ally, however, Vopone himself stands out
as the most humorous.
Sadly, because of the length of the pro-
gram, I was not able to see the completion
of the picture;. but if it is as funny as the
University Lecture, auspices of the
Departments of Physics and Aeronauti-
cal Engineering. "Temperature grad-
tence with centrifugal fluid field; theory
of the the Hilsch tube." Dr. F. Schultz-
Grunow, Professor of Aeronautical En-
gineering. Technische Hochschule, Aach-
en, German. Fri., Sept. 26, 4:15 p.m.,
1300 Chemistry Building.
University Lecture, auspices -of the
Department of Near Eastern Studies.
"The Desert versus the Sown." Carleton
S. Coon, Curator of Ethnology and Pro-
fessor of Anthropology, University of
Pennsylvania. Fri., Sept. 26, 4:15 p m.,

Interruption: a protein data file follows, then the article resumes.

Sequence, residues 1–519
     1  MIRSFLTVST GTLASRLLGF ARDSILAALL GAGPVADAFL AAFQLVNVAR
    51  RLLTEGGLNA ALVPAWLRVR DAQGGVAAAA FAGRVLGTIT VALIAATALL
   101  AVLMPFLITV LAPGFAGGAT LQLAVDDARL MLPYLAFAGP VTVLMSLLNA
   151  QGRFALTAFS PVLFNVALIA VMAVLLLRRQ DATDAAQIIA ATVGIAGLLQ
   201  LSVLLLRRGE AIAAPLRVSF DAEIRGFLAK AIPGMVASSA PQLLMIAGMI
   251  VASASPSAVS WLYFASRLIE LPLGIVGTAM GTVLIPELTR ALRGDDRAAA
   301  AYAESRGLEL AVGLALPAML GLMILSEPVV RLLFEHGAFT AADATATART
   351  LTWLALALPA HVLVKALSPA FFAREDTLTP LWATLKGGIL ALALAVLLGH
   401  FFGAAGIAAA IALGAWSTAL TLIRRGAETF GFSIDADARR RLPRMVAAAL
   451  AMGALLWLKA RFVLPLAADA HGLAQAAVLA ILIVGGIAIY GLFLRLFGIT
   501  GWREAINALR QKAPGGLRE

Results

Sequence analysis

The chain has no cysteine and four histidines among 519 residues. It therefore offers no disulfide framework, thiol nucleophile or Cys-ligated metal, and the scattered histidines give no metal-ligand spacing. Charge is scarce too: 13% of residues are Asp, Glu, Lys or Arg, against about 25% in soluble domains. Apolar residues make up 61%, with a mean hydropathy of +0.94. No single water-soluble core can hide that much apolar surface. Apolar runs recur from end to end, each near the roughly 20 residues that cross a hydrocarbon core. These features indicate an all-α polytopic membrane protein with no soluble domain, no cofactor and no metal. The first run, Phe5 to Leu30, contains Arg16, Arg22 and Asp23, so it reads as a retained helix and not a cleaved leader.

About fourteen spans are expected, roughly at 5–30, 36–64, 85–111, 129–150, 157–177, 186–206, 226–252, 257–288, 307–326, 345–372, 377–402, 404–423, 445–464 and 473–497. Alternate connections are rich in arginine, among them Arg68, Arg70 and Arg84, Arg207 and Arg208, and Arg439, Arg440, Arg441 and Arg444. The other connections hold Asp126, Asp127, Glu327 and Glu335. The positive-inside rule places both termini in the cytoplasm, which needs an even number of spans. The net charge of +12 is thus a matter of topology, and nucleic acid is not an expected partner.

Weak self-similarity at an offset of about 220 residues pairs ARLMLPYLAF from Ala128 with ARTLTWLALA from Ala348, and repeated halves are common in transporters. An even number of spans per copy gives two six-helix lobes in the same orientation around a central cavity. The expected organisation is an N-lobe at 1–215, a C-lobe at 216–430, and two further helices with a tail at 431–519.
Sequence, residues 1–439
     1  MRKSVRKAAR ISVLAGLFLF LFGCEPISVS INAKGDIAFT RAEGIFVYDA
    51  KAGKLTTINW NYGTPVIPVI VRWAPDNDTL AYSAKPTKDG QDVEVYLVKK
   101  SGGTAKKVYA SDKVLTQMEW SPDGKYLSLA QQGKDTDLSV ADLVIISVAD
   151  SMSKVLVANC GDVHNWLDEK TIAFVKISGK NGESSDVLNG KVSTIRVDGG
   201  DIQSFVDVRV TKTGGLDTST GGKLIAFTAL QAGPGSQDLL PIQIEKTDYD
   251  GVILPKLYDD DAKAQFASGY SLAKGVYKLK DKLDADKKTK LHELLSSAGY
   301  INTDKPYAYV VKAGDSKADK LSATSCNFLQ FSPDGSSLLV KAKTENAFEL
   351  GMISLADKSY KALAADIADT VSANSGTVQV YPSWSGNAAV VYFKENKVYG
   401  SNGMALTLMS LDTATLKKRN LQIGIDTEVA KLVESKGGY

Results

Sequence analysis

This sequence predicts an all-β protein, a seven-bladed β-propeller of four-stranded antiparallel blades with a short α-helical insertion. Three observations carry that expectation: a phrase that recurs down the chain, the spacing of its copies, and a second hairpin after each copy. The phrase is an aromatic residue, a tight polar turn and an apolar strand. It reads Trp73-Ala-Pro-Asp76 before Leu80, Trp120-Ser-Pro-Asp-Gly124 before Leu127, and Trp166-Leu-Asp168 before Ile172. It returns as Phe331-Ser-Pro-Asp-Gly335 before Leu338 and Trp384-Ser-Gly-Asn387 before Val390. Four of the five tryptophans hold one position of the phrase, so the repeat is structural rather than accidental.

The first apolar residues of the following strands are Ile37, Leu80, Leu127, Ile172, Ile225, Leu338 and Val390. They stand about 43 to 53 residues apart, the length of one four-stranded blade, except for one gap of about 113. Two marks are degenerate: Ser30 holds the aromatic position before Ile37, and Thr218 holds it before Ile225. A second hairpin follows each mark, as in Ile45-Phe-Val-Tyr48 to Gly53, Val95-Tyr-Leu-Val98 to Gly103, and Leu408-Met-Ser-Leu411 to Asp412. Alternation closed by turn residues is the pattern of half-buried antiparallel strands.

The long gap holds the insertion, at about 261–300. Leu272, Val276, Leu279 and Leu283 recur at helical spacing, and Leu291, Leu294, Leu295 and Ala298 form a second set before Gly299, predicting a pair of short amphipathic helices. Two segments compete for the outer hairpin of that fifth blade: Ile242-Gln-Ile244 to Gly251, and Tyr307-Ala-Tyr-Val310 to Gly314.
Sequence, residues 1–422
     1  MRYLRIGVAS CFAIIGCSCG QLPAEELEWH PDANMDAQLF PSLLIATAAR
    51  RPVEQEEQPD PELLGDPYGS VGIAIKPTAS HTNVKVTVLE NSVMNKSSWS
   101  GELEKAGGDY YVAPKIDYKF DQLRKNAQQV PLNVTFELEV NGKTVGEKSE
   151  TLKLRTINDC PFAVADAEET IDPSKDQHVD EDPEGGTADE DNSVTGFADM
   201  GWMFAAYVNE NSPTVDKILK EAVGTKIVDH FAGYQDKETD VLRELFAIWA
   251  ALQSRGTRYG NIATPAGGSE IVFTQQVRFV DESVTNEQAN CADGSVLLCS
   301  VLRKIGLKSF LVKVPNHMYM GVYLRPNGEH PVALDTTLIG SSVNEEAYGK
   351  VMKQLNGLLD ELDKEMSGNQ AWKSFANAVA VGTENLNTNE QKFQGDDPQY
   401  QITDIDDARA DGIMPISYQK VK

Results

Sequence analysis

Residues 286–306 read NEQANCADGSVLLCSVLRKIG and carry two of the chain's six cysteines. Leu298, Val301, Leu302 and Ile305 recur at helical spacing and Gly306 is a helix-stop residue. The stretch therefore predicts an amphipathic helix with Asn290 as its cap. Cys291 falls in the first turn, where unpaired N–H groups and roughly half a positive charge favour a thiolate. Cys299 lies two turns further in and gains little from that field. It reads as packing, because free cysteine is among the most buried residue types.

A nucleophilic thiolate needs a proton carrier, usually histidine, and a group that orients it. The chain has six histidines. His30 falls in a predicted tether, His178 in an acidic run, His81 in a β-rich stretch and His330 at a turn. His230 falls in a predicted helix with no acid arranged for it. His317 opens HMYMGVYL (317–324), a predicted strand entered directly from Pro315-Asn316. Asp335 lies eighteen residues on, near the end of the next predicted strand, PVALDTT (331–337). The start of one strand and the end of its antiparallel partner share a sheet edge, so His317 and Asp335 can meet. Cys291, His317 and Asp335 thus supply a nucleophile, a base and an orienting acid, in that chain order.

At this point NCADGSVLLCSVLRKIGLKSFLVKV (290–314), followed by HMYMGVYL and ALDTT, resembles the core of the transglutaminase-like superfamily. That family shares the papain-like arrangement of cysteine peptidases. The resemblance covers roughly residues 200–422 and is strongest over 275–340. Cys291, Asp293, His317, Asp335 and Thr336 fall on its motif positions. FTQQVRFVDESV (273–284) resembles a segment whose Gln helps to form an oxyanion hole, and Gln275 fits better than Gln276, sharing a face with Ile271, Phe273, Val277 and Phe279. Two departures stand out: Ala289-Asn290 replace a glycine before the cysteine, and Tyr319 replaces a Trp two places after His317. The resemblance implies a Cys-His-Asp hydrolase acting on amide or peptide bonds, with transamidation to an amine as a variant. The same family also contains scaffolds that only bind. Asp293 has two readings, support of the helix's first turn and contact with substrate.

Law School Admission Test: Applica-
tion blanks for the Nov. 15 administra-
tion of the Law School Admission Test
are now available at 110 Rackham Build-
ing. Application blanks are due in
Princeton, N.J., not later than Nov. 5,
Philosophy 65. The list assigning stu-
dents to the three discussion sections
will be posted outside the Philosophy
Dept. Office and Mr. Ziff's office. All
sections will have a meeting this week.
English 201 will meet in 1402 Mason
Hall Mon., Wed., and Fri. at 9.
Biological Chemistry Seminar - Fri.~
Sept. 26. 4 p.m., 319 West Medical
Building. "Agene and Bleaching of
White Flour-Methionine Sulfoximine."
All interested are invited.
Aero 190 (NE100). Elements of Nu-
clear Engineering. Class will meet on
Tues., Thurs., and Sat. at 11 in Room
2076 East Engineering. In case of con-
flicts, see Prof. M. H. Nichols.
A Generation tryout meeting for peo-
ple interested in joining the Poetry,
Fiction, Drama, Music, Dance,aBusi-